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Public Release: 2-Sep-2014
Applied Physics Letters
New method for non-invasive prostate cancer screening
A team of researchers led by Shaoxin Li at Guangdong Medical College in China has demonstrated the potential of a new, non-invasive method to screen for prostate cancer, a common type of cancer in men worldwide. They describe their laboratory success testing an existing spectroscopy technique called surface-enhanced Raman scattering with a new, sophisticated analysis technique called support vector machine.

Contact: Jason Socrates Bardi
jbardi@aip.org
240-535-4954
American Institute of Physics

Public Release: 2-Sep-2014
Proceedings of the National Academy of Sciences
Enzyme controlling metastasis of breast cancer identified
Researchers at the University of California, San Diego School of Medicine have identified an enzyme that controls the spread of breast cancer. The findings, reported in the current issue of PNAS, offer hope for the leading cause of breast cancer mortality worldwide. An estimated 40,000 women in America will die of breast cancer in 2014, according to the American Cancer Society.
Susan G. Komen for the Cure, National Institutes of Health, Pedal the Cause San Diego

Contact: Scott LaFee
slafee@ucsd.edu
619-543-6163
University of California - San Diego

Public Release: 2-Sep-2014
JAMA
Breast cancer patients with bilateral mastectomy don't have better survival rates
Breast cancer patients treated with lumpectomy followed by radiation therapy survived as long as patients who had bilateral mastectomy, according to a large study conducted by researchers at the Stanford University School of Medicine and the Cancer Prevention Institute of California.

Contact: Krista Conger
kristac@stanford.edu
650-725-5371
Stanford University Medical Center

Public Release: 2-Sep-2014
JAMA
Increase seen in use of double mastectomy
Among women diagnosed with early-stage breast cancer in California, the percentage undergoing a double mastectomy increased substantially between 1998 and 2011, although this procedure was not associated with a lower risk of death than breast-conserving surgery plus radiation, according to a study in the Sept. 3 issue of JAMA. The authors did find that surgery for the removal of one breast was associated with a higher risk of death than the other options examined in the study.

Contact: Jana Cuiper
Jana.Cuiper@cpic.org
510-608-5160
The JAMA Network Journals

Public Release: 2-Sep-2014
Nature Communications
‘Prepped’ by tumor cells, lymphatic cells encourage breast cancer cells to spread
Breast cancer cells can lay the groundwork for their own spread throughout the body by coaxing cells within lymphatic vessels to send out tumor-welcoming signals, according to a new report by Johns Hopkins scientists.
NIH/National Cancer Institute, Safeway Foundation for Breast Cancer

Contact: Vanessa Wasta
wasta@jhmi.edu
410-614-2916
Johns Hopkins Medicine

Public Release: 2-Sep-2014
Nature Scientific Reports
Sabotage as therapy: Aiming lupus antibodies at vulnerable cancer cells
Yale Cancer Center researchers may have discovered a new way of harnessing lupus antibodies to sabotage cancer cells made vulnerable by deficient DNA repair. The study, led by James E. Hansen, M.D., assistant professor of therapeutic radiology at Yale School of Medicine, found that cancer cells with deficient DNA repair mechanisms (or the inability to repair their own genetic damage) were significantly more vulnerable to attack by lupus antibodies.
American Cancer Society Institutional Research Grant

Contact: Vicky Agnew
203-785-7001
Yale University

Public Release: 1-Sep-2014
Journal of Cell Biology
Scientists call for investigation of mysterious cloud-like collections in cells
About 50 years ago, electron microscopy revealed the presence of tiny blob-like structures that form inside cells, move around and disappear. But scientists still don't know what they do -- even though these shifting cloud-like collections of proteins are believed to be crucial to the cell, and therefore could offer a new approach to disease treatment. Now, researchers are issuing a call to investigators to focus their attention on the role of these formations.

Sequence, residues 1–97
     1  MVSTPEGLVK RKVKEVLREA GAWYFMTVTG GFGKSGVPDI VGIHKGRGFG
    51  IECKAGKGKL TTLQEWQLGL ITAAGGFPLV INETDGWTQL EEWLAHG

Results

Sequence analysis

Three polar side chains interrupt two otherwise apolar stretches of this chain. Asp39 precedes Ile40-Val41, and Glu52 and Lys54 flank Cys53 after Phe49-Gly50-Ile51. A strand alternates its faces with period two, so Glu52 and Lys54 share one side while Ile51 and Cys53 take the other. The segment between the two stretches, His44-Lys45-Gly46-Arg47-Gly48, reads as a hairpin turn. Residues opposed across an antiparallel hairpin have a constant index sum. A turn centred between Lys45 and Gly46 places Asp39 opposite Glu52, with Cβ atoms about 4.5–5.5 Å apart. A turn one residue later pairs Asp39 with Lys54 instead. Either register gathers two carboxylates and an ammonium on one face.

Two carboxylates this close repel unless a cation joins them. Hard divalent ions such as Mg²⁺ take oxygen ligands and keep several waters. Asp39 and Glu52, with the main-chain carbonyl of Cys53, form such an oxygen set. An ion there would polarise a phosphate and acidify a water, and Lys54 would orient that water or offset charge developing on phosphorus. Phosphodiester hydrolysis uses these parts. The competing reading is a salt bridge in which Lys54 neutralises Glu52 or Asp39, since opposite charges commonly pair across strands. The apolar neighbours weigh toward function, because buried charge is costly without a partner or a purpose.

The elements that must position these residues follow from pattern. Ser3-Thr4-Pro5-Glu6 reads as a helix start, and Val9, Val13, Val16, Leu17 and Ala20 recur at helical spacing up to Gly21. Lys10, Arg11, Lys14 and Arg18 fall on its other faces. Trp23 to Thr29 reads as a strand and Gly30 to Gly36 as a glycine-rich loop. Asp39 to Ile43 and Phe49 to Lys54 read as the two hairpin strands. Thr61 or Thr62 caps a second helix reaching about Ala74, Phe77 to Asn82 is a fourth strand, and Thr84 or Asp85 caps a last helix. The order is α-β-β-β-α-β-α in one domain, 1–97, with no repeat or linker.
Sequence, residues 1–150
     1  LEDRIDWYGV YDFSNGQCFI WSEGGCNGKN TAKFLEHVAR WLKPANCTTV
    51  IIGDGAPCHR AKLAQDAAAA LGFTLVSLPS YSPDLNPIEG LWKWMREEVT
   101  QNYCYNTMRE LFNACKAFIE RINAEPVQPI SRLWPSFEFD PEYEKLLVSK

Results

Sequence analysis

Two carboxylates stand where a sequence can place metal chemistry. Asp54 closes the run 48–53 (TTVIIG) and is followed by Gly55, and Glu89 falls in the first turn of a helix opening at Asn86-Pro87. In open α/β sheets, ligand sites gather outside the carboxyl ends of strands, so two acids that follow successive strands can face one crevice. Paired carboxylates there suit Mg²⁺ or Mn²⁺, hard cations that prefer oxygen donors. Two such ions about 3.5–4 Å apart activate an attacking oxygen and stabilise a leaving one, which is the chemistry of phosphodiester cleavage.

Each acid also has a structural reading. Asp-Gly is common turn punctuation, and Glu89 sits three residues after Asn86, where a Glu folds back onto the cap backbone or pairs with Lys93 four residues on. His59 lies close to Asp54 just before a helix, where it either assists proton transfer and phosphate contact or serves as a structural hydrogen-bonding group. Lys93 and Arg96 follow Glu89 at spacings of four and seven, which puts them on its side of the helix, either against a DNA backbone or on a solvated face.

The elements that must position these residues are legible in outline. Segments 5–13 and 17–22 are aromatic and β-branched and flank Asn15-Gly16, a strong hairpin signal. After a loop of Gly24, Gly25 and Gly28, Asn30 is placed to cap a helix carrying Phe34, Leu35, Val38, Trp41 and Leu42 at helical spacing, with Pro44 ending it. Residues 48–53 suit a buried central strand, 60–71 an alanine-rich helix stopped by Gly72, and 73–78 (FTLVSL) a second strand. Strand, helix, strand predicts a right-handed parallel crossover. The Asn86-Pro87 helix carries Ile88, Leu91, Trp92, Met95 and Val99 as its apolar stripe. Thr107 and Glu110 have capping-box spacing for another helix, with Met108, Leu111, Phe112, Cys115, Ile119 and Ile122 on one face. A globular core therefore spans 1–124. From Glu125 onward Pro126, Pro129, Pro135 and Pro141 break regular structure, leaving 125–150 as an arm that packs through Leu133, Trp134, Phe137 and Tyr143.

Burroughs Wellcome Clinical Scientist Award in Translational Research, National Institutes of Health

Contact: Karen Teber
km463@georgetown.edu
Georgetown University Medical Center

Public Release: 31-Aug-2014
Nature Chemistry
A new synthetic amino acid for an emerging class of drugs
EPFL scientists have developed a new amino acid that can be used to modify the 3-D structure of therapeutic peptides. Insertion of the amino acid into bioactive peptides enhanced their binding affinity up to 40-fold. Peptides with the new amino acid could potentially become a new class of therapeutics.
National Centre of Competence in Research Chemical Biology, Swiss National Science Foundation, École Polytechnique Fédérale de Lausanne

Contact: Nik Papageorgiou
n.papageorgiou@epfl.ch
41-216-932-105
Ecole Polytechnique Fédérale de Lausanne

Public Release: 31-Aug-2014
British Journal of General Practice
Invisible blood in urine may indicate bladder cancer
Scientists at the University of Exeter Medical School found that one in 60 people over the age of 60 who had invisible blood in their urine -- identified by their GP testing their urine -- transpired to have bladder cancer. The figure was around half those who had visible blood in their urine -- the best known indicator of bladder cancer. However, it was still higher than figures for other potential symptoms of bladder cancer that warrant further investigation.

Contact: Louise Vennells
l.vennells@exeter.ac.uk
44-139-272-2062
University of Exeter

Public Release: 29-Aug-2014
Cell Reports
Preventing cancer from forming 'tentacles' stops dangerous spread
A new study from the research group of Dr. John Lewis at the University of Alberta and the Lawson Health Research Institute has confirmed that 'invadopodia' play a key role in the spread of cancer. The study, published in Cell Reports, shows preventing these tentacle-like structures from forming can stop the spread of cancer entirely.
Canadian Cancer Society, Alberta Cancer Foundation, Prostate Cancer Canada, Canadian Breast Cancer Foundation, Engineering Research Council of Canada

Contact: Ross Neitz
rneitz@ualberta.ca
780-492-5986
University of Alberta Faculty of Medicine & Dentistry

Public Release: 29-Aug-2014
PLOS ONE
CU scientists' discovery could lead to new cancer treatment
A team of scientists from the University of Colorado School of Medicine has reported the breakthrough discovery of a process to expand production of stem cells used to treat cancer patients. These findings could have implications that extend beyond cancer, including treatments for inborn immunodeficiency and metabolic conditions and autoimmune diseases.

Contact: Kris Kitto
kris@morethanpr.com
303-320-7790
The Bawmann Group

Public Release: 29-Aug-2014
PLOS Computational Biology
Assortativity signatures of transcription factor networks contribute to robustness